What needs understood about Jack Staff is that despite the title character, it’s an ensemble production. Among others featured here are vampire hunters Bramble and Son, Becky Burdock (Vampire Reporter), old fashioned copper Detective Inspector Maveryk, Sgt Zipper Nolan haunted by the manifestations of the dream world he created as a child, Tom Tom the Robot Man, the Eternal Warrior, and around a dozen others. Some are new to this volume, such as Rocky Reality, the temporal reality agent charged with correcting anomalies amid faulty alternate realities. And he’s a chimp.

One could never accuse Paul Grist of lacking ambition. Every volume of Jack Staff is idea-packed, and the assorted plots he sets in motion cover the supernatural, science-fiction, comedy, and superheroics, but never of the standard or garden variety. A seemingly unbeatable villain has a secret. We see life as it might be for John Smith and Becky Burdock. The Claw moves increasingly into the spotlight, and several characters are confronted with alternate versions of themselves. Amid all this there are connections, but they’re not always obvious.

Grist’s art is ever-maturing, and what appears to be simple cartooning conceals a great complexity, with the storytelling both unique and effective. Around the midway point Albert Bramble is one of the cast who meets an alternate reality counterpart, one that’s hostile to him. As they dance around each other Grist portrays their interaction in manner that also has them dancing around panels relating the actions of associated characters.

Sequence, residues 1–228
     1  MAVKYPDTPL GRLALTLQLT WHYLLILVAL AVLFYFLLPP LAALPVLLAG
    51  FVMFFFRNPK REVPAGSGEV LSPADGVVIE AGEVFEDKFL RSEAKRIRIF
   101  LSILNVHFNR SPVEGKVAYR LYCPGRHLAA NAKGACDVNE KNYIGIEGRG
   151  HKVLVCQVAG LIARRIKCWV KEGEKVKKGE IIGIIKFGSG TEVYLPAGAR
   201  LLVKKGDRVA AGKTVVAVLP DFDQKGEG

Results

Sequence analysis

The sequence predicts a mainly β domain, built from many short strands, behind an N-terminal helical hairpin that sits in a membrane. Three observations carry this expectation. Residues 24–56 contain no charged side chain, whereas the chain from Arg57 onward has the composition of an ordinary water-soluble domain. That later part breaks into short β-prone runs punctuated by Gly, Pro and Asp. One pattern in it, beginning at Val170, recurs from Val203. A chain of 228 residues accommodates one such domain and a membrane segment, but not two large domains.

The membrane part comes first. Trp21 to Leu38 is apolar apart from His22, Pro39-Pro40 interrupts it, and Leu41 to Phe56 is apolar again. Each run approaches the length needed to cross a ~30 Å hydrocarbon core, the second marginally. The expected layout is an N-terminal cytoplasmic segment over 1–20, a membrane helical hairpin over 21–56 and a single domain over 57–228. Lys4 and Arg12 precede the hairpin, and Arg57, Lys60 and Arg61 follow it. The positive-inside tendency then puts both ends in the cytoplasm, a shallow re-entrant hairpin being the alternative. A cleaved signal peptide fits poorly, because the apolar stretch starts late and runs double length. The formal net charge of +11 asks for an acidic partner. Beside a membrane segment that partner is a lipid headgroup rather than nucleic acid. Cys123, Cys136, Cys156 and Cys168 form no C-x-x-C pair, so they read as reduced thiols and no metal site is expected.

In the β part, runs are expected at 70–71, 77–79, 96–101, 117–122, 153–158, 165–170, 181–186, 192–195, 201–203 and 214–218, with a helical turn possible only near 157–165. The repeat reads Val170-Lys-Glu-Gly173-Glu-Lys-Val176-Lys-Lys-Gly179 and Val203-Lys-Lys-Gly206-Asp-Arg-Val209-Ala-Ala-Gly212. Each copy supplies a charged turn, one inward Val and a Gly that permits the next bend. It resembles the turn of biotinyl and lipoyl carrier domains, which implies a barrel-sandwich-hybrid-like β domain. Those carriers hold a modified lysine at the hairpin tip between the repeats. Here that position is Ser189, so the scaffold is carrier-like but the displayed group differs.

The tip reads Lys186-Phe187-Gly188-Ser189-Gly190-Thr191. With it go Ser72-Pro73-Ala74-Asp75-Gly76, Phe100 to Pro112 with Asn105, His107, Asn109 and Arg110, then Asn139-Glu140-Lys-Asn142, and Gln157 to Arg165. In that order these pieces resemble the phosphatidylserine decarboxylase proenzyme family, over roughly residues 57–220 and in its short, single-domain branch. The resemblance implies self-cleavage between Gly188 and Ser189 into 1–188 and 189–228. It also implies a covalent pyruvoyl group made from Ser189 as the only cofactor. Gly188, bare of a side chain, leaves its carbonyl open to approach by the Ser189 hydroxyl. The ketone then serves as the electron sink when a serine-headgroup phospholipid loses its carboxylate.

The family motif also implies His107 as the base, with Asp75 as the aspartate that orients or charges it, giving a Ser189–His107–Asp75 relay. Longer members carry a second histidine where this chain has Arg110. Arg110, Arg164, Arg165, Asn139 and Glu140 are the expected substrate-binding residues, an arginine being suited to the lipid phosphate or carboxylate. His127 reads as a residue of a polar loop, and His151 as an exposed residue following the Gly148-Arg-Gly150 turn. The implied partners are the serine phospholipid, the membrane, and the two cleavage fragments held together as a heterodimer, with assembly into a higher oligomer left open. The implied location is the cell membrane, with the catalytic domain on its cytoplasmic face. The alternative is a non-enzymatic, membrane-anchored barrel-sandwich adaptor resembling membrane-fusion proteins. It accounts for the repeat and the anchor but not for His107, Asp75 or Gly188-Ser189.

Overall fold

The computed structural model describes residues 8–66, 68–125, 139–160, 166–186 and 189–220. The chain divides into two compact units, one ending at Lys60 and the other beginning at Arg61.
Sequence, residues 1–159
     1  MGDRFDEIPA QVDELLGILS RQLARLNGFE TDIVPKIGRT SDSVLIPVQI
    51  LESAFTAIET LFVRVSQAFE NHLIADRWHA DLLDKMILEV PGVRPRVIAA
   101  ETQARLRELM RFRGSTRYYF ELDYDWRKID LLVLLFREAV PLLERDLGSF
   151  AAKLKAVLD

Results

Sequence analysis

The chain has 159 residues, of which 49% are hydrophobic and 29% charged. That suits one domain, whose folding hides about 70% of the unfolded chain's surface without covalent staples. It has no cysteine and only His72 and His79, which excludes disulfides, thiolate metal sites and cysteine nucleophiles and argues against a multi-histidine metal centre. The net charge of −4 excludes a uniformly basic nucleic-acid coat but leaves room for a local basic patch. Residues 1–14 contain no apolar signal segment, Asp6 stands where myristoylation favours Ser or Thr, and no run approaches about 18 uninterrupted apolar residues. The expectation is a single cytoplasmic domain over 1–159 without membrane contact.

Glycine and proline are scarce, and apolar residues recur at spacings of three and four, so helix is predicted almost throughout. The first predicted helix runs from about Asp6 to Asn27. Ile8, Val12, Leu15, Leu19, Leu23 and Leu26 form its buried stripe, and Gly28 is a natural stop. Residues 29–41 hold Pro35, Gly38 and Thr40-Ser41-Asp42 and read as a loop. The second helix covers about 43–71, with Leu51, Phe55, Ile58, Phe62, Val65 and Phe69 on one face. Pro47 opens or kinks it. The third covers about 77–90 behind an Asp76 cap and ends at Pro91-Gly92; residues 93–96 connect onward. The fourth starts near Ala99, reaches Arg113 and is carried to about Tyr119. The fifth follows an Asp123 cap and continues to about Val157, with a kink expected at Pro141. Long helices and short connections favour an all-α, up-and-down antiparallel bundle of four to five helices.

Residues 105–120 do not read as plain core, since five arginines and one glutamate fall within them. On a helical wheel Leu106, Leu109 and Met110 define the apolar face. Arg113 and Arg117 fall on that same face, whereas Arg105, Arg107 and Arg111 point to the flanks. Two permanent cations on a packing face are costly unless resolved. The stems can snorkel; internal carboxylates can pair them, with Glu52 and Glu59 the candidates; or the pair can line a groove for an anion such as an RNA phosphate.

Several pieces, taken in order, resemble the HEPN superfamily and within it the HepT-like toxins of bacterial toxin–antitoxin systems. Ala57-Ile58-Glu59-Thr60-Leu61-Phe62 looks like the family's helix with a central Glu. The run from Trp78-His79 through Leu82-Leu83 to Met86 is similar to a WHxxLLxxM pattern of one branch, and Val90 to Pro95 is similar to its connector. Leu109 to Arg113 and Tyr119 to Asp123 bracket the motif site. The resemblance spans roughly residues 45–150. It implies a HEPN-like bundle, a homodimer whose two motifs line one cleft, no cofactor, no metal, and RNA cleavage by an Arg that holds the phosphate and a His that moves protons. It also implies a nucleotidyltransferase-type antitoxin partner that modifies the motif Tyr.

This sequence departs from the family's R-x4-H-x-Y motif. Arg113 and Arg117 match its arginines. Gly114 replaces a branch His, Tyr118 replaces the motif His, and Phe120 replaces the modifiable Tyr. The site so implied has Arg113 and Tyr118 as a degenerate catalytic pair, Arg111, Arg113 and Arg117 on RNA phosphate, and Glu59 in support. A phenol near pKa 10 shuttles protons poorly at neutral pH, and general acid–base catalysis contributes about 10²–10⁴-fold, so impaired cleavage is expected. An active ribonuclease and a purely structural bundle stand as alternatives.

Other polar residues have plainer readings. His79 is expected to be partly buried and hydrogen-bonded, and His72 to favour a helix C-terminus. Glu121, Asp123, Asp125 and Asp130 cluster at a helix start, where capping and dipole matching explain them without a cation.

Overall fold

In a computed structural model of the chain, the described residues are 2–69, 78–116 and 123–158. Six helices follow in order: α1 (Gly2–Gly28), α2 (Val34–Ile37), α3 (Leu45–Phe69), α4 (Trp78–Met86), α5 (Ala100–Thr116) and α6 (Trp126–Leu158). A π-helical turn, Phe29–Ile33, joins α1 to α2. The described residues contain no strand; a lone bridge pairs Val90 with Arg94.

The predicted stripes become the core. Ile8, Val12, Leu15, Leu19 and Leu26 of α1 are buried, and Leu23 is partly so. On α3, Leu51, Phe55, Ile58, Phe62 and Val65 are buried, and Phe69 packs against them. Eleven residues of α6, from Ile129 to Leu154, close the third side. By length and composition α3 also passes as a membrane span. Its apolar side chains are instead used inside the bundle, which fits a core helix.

For all the increasing confidence and sophistication of the layouts, this is a marginally less satisfactory volume than the preceding three. The only frustration about Jack Staff is that every book raises many new puzzles without clearing up those already having the readership scratching their heads. With Rocky Realities Grist has dropped the formula of each story arc unwinding in parallel with events of the past, but in doing so he’s also loosed an anchor. The preceding Echoes of Tomorrow surprised with the manner in which the past connected, but here there are so many balls in the air that many remain there.

Unfortunately, not all plots are concluded, and the six issues of The Weird World of Jack Staff addressing most of them were never collected into a trade paperback. They’re recommended to anyone who’s enjoyed the series to date. Grist would then turn his attentions to Mudman.